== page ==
In Parts 1 and 2 of this series, we discussed the performance benefits of the Deadlift and provided detailed instruction on how to perform the Conventional and Sumo versions. Now, we’ll go over the particulars of the Deadlift—including grips, hand placement, shoes and sets/reps—so you can get the most out of this incredibly beneficial exercise.
A few different grips work for all versions of the Deadlift. It’s up to you to decide which one you like best.
The standard grip for any Deadlift is referred to as the alternating grip. The palm of one hand faces toward you and the other faces away from you (personal preference as to which hand). Take care when training with this grip to prevent uneven development of the upper body by using the setup opposite from your normal alternating grip.
The overhand grip is another common option. In this grip, both of your palms face your body. This grip is effective, but it can be difficult to hold heavy loads.
Finally, the most difficult—but most beneficial—variation is the hook grip in the overhand position. With your palms facing you, wrap your thumbs around the bar. Then wrap the four fingers of each hand around the bar and your thumbs. This allows for better control of heavier weights, but it can be very uncomfortable.
Now, what about straps? I don’t believe athletes should use them. Unless you have a medical condition that prevents you from holding a bar, leave the straps in your locker. A strong grip is vital—absolutely necessary—for almost every athlete in just about every sport. Plus, if you cannot hold on to the weight, you have no business trying to lift it.
Keeping your hands in the right position and location on the bar will allow you to maintain control of the weight and generate the most force. This will help you get the most out of the lift, while keeping you injury-free.
With the Conventional Deadlift, your hands should be placed just outside of, but not touching, your legs. Going wider than this spreads your pulling force over a broader area and takes away from your power.
When performing the Sumo Deadlift, your hands need to be placed inside your legs, directly below your shoulders. If you go much narrower, the pulling force will be in too small an area, causing the bar to wobble and you to lose control.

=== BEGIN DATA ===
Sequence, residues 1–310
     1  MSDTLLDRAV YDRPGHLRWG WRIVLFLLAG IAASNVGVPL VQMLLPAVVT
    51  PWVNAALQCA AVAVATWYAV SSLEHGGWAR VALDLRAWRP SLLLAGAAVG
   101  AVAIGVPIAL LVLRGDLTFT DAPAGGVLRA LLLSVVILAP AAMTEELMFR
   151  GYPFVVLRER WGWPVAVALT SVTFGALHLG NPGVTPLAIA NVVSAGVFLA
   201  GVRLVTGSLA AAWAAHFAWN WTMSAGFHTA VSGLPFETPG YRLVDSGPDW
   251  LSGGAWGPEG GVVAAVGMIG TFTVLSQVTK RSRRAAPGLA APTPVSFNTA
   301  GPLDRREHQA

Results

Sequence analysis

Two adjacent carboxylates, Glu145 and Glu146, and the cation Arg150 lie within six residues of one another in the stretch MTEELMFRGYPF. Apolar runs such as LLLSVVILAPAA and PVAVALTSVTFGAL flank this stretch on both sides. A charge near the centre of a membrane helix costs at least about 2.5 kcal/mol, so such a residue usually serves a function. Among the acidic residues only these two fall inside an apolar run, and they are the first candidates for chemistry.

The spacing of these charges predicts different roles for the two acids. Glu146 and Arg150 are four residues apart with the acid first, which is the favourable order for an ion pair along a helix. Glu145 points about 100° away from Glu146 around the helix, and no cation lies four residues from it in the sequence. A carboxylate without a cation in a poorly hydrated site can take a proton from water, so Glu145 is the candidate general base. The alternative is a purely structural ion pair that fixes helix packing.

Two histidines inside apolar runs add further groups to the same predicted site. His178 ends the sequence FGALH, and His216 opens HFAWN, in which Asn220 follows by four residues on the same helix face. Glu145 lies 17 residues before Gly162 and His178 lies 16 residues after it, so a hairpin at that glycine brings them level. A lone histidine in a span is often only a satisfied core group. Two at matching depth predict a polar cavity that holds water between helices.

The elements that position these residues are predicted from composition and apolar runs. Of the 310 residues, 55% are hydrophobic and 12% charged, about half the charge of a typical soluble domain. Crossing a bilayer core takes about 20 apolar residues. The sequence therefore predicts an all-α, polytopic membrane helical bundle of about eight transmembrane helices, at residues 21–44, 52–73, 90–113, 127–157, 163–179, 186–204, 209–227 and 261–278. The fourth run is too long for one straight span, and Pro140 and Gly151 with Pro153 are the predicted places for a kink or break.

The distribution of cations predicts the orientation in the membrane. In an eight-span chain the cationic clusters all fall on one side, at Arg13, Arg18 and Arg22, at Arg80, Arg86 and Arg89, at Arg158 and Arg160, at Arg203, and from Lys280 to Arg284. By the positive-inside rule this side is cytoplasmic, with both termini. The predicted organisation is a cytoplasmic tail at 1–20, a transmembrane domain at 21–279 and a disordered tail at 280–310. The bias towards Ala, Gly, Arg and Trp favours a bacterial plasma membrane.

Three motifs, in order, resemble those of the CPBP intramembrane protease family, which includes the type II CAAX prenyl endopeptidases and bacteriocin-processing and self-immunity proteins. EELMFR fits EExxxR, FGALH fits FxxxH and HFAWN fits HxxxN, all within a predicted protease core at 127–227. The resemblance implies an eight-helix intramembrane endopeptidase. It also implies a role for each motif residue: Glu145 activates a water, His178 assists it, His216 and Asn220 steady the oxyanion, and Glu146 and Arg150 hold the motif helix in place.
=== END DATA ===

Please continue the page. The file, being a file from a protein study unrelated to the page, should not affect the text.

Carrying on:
Make sure to wear non-slip shoes with flat bottoms and supportive sides to provide a solid foundation. The last thing you want is to have your shoes blow their sides or slip. Also, stay away from athletic shoes that have squishy bottoms or that prop your heel up.
With the Conventional Deadlift, the force generated on the feet goes straight down, so you need a solid footing. The Sumo Deadlift creates force on the feet that travels more outward, from the side of the feet and forward to the toes. Keep this in mind when picking out shoes.
Reps and Sets
Keep in mind that the Deadlift is primarily a strength movement; it is not meant to be high-repetition, muscular-endurance exercise. Trying to hit 20 reps will do nothing but set your progress back.
Due to the mechanics of the lift, muscular failure and fatigue occur quickly. If performed to fatigue, your form will falter and you will be at risk for injury. Therefore, focus on low reps performed with heavy loads. Depending on your training cycle, reps should be between one and six, and weight should stay between 85 to 95 percent of your one-rep max.
Finally, make sure to perform the exercise at or near the beginning of your workout so your muscles are not exhausted.
Michael Palmieri is the president and founder of The Institute of Sport Science & Athletic Conditioning. He has lectured for several major organizations and associations and written numerous articles for multiple media outlets. He currently serves as state chairman for the National Strength & Conditioning Association, a state director for the North American Strongman Corporation and a judge for the International Natural Bodybuilding Association. A former powerlifter, Palmieri has been in the industry for more than 20 years. He is currently pursuing his master’s degree in biomechanics at UNLV.